Handbook on Islam and Economic Life
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Handbook on Islam and Economic Life

Edited by M. Kabir Hassan and Mervyn K. Lewis

Handbook on Islam and Economic Life is a unique study, one of the first of its kind to consider Islam within a broader economic sphere. Covering a wide breadth of topics and research, it explores how Islam impinges upon and seeks to shape major aspects of economic life including economic organisation, business and management, finance and investment, charity, mutuality and self-help, and government. It concludes by analysing the link between religion and development, the present economic situation in Arab countries and the causes of underdevelopment in Muslim countries.
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Chapter 9: The halal food industry

Joe M. Regenstein, Mian Nadeem Riaz, Muhammad Chaudry and Carrie E. Regenstein

Abstract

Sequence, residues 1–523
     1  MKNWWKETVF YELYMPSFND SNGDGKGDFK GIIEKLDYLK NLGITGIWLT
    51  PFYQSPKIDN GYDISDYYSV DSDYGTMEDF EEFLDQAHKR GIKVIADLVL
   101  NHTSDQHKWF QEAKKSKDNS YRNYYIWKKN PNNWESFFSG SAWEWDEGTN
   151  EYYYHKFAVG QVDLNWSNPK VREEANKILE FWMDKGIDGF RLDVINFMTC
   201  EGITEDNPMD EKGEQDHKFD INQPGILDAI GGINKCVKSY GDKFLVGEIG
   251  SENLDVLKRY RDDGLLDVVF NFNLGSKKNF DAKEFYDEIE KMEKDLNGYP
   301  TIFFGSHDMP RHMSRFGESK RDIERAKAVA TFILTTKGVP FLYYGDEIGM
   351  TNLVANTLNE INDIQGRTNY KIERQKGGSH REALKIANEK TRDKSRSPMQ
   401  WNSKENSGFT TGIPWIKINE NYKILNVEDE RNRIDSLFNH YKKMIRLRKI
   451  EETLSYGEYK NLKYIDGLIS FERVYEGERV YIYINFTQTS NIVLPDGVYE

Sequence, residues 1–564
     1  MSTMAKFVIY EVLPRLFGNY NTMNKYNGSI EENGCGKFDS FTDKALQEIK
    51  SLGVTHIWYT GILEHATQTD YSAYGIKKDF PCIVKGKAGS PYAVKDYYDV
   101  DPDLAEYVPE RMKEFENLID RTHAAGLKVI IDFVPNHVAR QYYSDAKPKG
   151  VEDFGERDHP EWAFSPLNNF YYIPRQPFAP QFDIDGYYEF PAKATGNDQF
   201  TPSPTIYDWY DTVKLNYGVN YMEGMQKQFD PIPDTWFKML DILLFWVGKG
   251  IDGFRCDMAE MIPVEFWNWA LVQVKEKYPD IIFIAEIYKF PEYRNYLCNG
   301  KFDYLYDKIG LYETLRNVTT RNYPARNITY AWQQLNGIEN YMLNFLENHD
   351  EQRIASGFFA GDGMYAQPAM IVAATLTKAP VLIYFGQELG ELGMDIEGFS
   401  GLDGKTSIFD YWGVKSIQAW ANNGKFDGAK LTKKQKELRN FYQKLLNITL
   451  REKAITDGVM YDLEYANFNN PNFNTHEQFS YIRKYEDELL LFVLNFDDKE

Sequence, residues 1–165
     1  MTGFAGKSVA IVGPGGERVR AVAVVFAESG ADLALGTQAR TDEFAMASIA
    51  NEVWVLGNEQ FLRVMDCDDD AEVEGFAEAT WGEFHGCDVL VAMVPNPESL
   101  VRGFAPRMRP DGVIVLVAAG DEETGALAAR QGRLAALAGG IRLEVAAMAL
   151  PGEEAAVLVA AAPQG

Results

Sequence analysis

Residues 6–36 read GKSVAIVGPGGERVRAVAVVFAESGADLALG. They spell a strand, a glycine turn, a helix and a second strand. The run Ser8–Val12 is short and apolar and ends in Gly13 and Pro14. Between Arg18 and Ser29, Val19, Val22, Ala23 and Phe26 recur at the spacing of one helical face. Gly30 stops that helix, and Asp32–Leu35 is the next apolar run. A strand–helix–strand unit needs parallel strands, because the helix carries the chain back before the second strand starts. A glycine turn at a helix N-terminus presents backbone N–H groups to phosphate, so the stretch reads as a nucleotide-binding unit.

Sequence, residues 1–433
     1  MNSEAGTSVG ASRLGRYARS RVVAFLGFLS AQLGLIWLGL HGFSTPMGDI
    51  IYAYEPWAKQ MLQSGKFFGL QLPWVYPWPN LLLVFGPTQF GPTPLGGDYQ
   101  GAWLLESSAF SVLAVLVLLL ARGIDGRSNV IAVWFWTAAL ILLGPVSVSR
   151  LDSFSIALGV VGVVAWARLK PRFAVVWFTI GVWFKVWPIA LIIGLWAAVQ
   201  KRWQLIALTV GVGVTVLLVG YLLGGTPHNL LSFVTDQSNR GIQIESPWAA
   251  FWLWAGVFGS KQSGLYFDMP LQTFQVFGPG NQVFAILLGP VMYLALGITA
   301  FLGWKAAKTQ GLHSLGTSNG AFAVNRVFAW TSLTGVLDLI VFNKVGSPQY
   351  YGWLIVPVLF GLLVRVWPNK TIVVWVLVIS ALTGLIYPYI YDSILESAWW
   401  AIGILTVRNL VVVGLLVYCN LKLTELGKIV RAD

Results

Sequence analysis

The halal food industry is a potential sleeping giant. The 1.3 billion or more Muslims in the world represent 20 to 25 percent of the world’s market, and with 57 countries in the Organization of the Islamic Conference (OIC) the need for halal foods, cosmetics, and pharmaceuticals is large and growing because of both population growth and an increased purchasing power in the Muslim world. Particularly central to the Muslim way of life is the availability of halal foods that are produced so as to be consistent with the requirements of different Muslim communities but which are absolutely trustworthy and are clearly presented as halal. Getting to that point will require an effort by the Muslim community to clearly and respectfully define their standards, while recognizing that no one standard will cover the needs of all Muslims. The Muslim community then need to work with the food industry and the Muslim certifying agencies to see that a system is created that can serve their needs in a cost-effective manner that also provides a truly halal and tayyab (wholesome) food supply for Muslims in all countries, whether Muslim majority or not.

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